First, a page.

Tilt of Saturn

by Fraser Cain on July 5, 2008

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Seasons on Saturn. Image credit: Hubble
Saturn couldn’t be more different from Earth; it’s mostly made of hydrogen and helium and has nearly 100 times more mass. And those rings…

You can also check out these cool telescopes that will help you see the beauty of planet Saturn.

But Saturn’s axis is tilted, just like Earth. While Earth’s axis is tilted at an angle of 23.4°, Saturn’s tilt is 26.7°. That’s pretty close.

And just like Earth, Saturn’s axial tilt gives the planet seasons. In fact, we can see Saturn’s tilt by the position of the rings. When Saturn’s northern hemisphere is experiencing summer, we can see the rings at their widest point. And then, as Saturn works its way through its 30-year orbit around the Sun, the angle to the rings decreases until they’re almost invisible – just a line through the planet.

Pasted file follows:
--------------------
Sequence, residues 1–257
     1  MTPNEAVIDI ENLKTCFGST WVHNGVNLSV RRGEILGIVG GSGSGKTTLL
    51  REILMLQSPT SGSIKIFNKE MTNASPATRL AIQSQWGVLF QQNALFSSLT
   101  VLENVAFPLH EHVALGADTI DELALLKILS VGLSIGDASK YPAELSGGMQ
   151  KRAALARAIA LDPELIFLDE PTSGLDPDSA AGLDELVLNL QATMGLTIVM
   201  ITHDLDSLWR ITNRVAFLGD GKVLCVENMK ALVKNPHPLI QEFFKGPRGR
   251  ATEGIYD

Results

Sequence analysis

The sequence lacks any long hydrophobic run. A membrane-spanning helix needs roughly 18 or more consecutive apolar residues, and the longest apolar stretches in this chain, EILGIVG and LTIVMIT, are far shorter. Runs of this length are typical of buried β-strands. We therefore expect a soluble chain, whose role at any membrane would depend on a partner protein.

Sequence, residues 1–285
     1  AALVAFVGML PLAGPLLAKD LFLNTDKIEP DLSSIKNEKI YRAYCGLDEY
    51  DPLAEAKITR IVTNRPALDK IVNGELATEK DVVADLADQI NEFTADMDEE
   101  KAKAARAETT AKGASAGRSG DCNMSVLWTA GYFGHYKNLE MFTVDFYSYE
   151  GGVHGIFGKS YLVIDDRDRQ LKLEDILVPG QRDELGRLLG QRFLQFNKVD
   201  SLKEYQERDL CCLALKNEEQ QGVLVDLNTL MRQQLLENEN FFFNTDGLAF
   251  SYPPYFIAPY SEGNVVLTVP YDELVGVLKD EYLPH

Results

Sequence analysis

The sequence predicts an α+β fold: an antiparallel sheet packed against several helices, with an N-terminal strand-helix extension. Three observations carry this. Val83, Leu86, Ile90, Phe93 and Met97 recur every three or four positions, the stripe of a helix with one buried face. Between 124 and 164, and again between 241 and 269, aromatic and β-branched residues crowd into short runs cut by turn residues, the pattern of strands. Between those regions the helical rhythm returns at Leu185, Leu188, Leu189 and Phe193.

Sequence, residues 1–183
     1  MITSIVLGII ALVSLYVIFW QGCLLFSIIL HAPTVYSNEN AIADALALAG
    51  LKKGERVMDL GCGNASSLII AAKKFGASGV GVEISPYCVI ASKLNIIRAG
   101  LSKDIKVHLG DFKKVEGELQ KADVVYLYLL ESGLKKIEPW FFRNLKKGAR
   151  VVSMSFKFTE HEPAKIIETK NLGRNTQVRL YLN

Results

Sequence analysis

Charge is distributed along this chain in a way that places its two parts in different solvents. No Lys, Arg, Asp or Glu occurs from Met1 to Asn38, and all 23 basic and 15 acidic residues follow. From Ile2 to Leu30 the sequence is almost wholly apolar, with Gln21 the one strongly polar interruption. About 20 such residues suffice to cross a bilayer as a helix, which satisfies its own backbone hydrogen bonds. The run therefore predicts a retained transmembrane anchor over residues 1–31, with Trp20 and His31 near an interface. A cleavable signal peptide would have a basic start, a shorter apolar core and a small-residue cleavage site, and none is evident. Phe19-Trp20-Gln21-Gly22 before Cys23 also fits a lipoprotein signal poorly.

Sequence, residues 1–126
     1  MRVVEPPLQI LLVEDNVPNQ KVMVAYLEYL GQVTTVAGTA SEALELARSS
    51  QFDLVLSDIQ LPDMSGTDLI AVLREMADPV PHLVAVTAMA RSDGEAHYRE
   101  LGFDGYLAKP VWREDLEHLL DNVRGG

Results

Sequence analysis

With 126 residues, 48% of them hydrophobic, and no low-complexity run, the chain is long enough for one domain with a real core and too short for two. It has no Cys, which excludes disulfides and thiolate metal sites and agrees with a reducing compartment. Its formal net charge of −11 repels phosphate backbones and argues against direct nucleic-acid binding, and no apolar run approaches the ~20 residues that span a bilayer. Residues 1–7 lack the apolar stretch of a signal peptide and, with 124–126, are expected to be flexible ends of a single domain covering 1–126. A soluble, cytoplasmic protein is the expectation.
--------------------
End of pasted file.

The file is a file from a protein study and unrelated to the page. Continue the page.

The changing seasons on Saturn also affect the planet’s weather patterns. NASA’s Voyager spacecraft originally clocked wind speeds near Saturn’s equator at nearly 1,500 km/h. But when Cassini showed up 15 years later, they’d slowed down to only 1,100 km/h.

Here’s an article from Universe Today about long term changes on Saturn, and three views of Saturn over a long period of time.

Here’s a nice photograph from Astronomy Picture of the Day of Saturn, and another captured by Cassini, showing the planet’s southern hemisphere being illuminated.

We have recorded two episodes of Astronomy Cast just about Saturn. The first is Episode 59: Saturn, and the second is Episode 61: Saturn’s Moons.

About 

Fraser Cain is the publisher of Universe Today. He's also the co-host of Astronomy Cast with Dr. Pamela Gay.

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